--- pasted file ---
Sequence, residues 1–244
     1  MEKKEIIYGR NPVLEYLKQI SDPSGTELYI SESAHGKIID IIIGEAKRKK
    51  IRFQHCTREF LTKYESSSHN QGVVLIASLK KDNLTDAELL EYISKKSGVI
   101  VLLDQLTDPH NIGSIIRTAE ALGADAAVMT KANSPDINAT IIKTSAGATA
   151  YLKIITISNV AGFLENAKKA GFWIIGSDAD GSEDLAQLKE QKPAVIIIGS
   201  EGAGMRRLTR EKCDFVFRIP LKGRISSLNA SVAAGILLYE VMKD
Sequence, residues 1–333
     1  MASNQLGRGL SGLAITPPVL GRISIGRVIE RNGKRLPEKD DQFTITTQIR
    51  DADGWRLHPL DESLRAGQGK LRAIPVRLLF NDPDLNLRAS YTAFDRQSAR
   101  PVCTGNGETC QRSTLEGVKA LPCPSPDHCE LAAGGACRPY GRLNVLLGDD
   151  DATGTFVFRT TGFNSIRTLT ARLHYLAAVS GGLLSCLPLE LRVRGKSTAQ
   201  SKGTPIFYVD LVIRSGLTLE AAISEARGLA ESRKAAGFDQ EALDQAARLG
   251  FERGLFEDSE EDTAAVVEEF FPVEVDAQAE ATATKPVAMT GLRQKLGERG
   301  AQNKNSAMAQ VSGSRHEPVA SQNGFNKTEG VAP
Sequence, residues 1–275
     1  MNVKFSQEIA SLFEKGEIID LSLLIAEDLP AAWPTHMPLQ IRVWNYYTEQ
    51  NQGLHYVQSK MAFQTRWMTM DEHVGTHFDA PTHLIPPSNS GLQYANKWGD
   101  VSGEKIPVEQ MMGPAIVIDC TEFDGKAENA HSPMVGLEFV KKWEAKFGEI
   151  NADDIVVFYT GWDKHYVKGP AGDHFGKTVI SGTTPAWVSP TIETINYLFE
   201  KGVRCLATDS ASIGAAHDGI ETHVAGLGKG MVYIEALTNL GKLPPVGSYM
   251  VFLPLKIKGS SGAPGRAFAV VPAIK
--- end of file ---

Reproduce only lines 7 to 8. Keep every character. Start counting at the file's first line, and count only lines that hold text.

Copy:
Sequence, residues 1–333
     1  MASNQLGRGL SGLAITPPVL GRISIGRVIE RNGKRLPEKD DQFTITTQIR